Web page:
Tucked away directly next to the toilet is a cheerful turquoise-colored trash can. With its being so close to the toilet, the trash can’s lid is not only a cute and colorful touch, it’s also an appreciated one.
Opposite the toilet and sink area is a glass-doored walk-in shower. The glass door and surround really opens up the bathroom and makes it feel almost twice as big as it actually is. White subway tile continues from the bathroom walls to the shower surround, again showing that continuity of design in a small space equals less visual abruptions, which in turn equals a more spacious feel.
Coordinated bath towels are rolled and set out in a basket on the countertop for guest use. This not only brings in a color palette, but it also is an intuitive suggestion or offering for guests. The towel basket can easily be tucked back into the cupboards after guests leave.
How to Decorate a Bathroom with Color
Vibrant yellow walls in the bathroom make up, in sunshine and cheer, for the lack of bathroom window in this renovated main floor bath. As a bathroom that doubles as the primary bathroom for both guests and the home’s young children, this happy color strikes an energetic balance.
After the wall color, the most noticeable detail of this bathroom comes out in its glass countertop. A subtle yet gorgeous variation on the standard bathroom vanity countertop, this opaque glass is smooth and refreshing.
Even the simplest of bathroom sink fixtures get a facelift with this modern countertop. That’s one way to think about great design in a bathroom – it provides its own form of “decoration,” which ultimately means less clutter.
A couple of potted faux plants in the center of the long countertop break up the expanse without feeling heavy or overly “decorated.”
In fact, a potted plant is a nice and simple way to soften the standard toilet vignette. The key is to keep the plant itself and the pot minimal and contained – this is not the place for hanging vines or overflowing fronds.
If you have a very long bathroom mirror, one cost effective way to provide sufficient lighting throughout the length of the mirror is to install two (or more) identical lighting fixtures, rather than one very long one. It’s best to strive for even lighting across the length of the mirror.
A wide, chunky mirror frame makes a dramatic statement as well. This particular frame matches the vanity itself, so the two work together more than they compete visually. If you have a large frame that you’re looking to downplay, you might consider keeping the wall and frame paint colors more similar, which therefore decreases contrast.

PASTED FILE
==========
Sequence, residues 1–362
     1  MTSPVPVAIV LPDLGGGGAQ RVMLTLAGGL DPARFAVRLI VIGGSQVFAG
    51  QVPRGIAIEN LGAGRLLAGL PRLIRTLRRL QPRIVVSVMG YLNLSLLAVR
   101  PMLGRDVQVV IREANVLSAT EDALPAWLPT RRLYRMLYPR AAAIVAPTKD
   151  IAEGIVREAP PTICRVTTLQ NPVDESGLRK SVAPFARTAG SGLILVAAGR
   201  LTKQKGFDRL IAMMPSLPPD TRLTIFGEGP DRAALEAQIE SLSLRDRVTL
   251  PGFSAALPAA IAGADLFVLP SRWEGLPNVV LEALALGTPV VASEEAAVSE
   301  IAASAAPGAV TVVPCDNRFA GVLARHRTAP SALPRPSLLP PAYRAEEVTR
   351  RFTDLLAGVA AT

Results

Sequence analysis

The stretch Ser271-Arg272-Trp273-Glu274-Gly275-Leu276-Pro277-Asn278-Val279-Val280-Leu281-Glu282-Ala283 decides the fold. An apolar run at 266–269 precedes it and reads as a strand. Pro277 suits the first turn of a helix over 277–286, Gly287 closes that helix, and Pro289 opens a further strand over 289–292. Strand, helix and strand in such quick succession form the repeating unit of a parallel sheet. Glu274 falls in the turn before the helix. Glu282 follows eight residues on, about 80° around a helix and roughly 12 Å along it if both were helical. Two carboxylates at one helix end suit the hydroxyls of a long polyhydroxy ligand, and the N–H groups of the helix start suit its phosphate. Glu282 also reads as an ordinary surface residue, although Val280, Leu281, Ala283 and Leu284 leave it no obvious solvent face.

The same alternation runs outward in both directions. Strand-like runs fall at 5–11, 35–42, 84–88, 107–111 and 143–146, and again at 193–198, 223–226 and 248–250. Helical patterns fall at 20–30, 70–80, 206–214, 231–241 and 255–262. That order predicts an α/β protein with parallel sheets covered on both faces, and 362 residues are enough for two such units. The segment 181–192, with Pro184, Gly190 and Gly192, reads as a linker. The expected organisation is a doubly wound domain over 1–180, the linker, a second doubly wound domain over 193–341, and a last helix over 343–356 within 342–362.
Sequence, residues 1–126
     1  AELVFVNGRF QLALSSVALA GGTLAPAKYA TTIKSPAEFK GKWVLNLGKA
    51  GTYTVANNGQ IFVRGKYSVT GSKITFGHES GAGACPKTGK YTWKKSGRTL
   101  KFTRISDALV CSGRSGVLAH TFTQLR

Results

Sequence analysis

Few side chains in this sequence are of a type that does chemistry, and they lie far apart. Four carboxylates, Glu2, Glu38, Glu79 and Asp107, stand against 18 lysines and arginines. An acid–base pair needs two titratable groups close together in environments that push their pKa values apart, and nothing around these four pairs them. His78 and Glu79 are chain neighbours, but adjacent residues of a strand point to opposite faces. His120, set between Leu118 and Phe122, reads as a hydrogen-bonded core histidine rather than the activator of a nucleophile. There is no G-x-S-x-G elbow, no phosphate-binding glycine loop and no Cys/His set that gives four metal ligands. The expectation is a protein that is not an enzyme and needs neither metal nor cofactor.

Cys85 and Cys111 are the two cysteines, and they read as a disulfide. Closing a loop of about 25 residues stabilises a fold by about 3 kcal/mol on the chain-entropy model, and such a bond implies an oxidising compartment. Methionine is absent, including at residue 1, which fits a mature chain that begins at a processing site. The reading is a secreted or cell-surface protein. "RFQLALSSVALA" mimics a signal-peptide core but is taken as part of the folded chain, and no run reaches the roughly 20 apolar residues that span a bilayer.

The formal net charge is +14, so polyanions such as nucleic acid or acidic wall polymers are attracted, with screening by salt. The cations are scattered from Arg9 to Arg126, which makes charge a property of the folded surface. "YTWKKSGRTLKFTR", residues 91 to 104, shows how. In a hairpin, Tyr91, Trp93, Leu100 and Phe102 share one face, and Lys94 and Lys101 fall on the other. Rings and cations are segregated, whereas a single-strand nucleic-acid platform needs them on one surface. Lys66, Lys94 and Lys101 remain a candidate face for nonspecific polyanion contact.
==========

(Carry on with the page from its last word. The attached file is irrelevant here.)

A yellow and white shower curtain is hung tastefully across the shower, tying in with the bold wall color but not adding much to the visual pop that’s already there. A good rule of thumb, when working with bright colors in the bathroom, is to let either the walls or the shower curtain be the main attraction, but don’t try to make both their own individual features. That will probably feel like just too much.
How to Decorate a Bathroom Pragmatically
If you’re not into putting decorations into the bathroom, consider this simple way of decorating a bathroom as our final example. Use only those items that are actually useful and needed in the bathroom as your décor. A tissue box, in a pinch, can give the neutral bathroom an instant color palette.
A white vanity and dark countertop is a classic combination that looks great and, really, needs no other adornment. Plus, the dark speckled countertop will hide any number of offenses, making it a solid choice for a children’s bathroom as well.
Continuing a great wall tile, such as classic white subway tile, around the bathroom and into the bathtub or shower surround gives the wall enough visual “texture” that it doesn’t need more. A window is all the wall art this particular bathroom needs, which matches the homeowners’ simple style preferences perfectly.
Patterned towels folded neatly and left on shelving display style and taste without being decorations. Plus, fresh towels are always at the ready, for residents or guests alike. Also, note the usefulness of this shelf unit in and of itself. You may also consider installing a tall, narrow countertop-to-ceiling shelving unit at the non-sink end of a long, bare countertop if that meets your needs better.
We hope you’ve enjoyed and been inspired by reading about different methods of how to decorate a bathroom of various sizes and styles.